Incidentally this is what i was hoping happened with that trashy eurotrance aesthetic that it got reappropriated into something more mindfuck, but instead some people just put 10 minute ableton synths over jersey club beats and called it deconstructed.
 

jorge

Well-known member
I succomed to the promise of future garage to my shame, doomed from the outset, even joined the forum :s . The techno/dubstep crossover that predated it had a lot of tunes that still sound great to me tho, pev, 2562, hessle. heard a few out recently and they sounded amazing amongst the usual techno and house. Appleblim dubstep all-stars is the best one imo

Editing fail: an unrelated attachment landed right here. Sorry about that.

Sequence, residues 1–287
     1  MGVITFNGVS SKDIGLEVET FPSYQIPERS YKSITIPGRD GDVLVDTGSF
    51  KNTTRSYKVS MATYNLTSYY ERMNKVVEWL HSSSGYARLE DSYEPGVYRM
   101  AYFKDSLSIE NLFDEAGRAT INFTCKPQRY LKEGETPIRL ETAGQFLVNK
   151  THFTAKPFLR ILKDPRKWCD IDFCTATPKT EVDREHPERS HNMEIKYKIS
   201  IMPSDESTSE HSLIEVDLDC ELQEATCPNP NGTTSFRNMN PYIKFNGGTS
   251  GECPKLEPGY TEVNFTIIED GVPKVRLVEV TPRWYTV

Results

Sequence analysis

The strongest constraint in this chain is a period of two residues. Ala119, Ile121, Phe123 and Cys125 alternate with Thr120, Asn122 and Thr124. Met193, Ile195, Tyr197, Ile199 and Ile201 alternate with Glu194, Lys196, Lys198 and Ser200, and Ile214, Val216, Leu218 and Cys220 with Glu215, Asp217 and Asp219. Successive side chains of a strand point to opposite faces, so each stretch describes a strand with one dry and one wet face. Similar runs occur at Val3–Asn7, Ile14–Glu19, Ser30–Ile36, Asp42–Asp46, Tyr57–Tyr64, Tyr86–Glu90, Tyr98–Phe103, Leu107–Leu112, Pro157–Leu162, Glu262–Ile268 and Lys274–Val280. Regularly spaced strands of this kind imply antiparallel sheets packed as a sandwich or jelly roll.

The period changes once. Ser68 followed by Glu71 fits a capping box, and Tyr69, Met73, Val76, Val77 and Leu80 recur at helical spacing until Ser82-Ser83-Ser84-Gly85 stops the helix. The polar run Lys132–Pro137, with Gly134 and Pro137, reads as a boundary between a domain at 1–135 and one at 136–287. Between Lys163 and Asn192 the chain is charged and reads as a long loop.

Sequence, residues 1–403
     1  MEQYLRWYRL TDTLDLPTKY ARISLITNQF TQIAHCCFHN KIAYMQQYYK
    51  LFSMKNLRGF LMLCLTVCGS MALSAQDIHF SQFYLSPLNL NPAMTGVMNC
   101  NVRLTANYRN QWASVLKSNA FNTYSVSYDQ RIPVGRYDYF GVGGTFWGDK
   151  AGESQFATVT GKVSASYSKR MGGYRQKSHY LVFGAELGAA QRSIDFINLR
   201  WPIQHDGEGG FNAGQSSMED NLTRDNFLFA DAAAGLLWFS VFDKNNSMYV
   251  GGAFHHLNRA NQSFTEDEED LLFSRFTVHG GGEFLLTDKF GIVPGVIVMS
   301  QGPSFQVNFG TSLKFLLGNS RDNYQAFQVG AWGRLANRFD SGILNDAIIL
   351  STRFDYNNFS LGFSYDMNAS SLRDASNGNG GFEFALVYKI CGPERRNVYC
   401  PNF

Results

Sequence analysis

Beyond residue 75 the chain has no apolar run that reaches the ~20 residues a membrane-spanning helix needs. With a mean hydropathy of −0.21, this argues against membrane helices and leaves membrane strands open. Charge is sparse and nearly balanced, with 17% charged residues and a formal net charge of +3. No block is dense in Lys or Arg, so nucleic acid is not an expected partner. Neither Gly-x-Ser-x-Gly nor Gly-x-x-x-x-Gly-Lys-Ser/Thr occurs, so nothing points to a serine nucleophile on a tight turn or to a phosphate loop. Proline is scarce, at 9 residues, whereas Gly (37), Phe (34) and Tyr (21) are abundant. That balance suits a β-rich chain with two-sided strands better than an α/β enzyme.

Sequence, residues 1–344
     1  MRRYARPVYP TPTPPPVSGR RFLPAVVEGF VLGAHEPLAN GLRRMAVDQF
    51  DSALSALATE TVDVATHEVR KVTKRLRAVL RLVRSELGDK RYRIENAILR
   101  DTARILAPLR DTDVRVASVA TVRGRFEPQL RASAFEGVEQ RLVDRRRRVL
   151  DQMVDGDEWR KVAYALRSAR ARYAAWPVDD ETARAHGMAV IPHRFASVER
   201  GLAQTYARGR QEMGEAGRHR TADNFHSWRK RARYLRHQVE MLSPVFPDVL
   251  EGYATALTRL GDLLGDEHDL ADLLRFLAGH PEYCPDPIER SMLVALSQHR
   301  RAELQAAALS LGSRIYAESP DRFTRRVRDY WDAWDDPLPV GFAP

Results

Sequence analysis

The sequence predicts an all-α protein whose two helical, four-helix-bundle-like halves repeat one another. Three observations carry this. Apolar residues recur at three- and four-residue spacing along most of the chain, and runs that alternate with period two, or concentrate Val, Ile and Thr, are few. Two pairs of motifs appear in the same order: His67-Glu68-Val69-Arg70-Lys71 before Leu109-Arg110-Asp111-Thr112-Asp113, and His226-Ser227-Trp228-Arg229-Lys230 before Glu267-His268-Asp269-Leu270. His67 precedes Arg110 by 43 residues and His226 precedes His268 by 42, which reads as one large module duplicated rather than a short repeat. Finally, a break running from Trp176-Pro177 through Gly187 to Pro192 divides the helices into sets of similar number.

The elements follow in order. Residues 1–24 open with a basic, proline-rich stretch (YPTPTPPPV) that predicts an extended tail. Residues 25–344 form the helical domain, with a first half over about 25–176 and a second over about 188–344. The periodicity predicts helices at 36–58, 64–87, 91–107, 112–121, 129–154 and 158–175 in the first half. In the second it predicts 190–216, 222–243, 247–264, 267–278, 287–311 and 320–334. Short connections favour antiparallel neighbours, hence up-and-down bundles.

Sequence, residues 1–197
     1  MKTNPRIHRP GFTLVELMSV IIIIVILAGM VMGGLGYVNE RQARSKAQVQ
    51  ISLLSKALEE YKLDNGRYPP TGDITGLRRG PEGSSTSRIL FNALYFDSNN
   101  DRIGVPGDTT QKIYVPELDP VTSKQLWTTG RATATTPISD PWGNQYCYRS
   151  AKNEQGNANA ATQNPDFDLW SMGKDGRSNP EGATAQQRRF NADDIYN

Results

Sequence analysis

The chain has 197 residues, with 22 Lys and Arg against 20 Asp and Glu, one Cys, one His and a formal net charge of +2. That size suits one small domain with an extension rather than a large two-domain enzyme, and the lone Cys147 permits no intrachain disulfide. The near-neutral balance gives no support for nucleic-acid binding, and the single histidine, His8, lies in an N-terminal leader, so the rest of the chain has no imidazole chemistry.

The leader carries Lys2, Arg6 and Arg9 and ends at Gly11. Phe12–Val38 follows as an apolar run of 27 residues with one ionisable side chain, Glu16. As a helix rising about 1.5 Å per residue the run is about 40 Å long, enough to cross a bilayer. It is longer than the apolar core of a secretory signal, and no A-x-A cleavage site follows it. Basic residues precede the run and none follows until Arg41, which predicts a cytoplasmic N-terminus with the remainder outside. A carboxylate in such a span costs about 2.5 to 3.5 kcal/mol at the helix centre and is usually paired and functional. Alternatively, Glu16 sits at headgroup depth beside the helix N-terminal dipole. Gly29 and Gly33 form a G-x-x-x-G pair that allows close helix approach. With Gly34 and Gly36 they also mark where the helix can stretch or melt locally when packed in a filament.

I could never get into jam city et al, was way too 80's for me. Ive learned how to appreciate the 80s since but it's taken some reprograming.
 

luka

Well-known member
Staff member
I took a principled stand against all this trash. Anyone with an ear could tell it was an in crowd conspiracy as per usual. Popular people with good clothes.
 

thirdform

Well-known member
youre saving grace here is that youre into rashied ali and parmegiani and shit like that so i can respect that stance because u understand what makes most of it musically dull whereas a lot of people just wanted to live in a fantasy land of the continuum still being gangsta lol.
 

thirdform

Well-known member
kinda funny also that deep tech was the pyrrhic victory of the actual tech house purists like mr. c. lol those guys are well annoying pitching down their jeff mills records to -6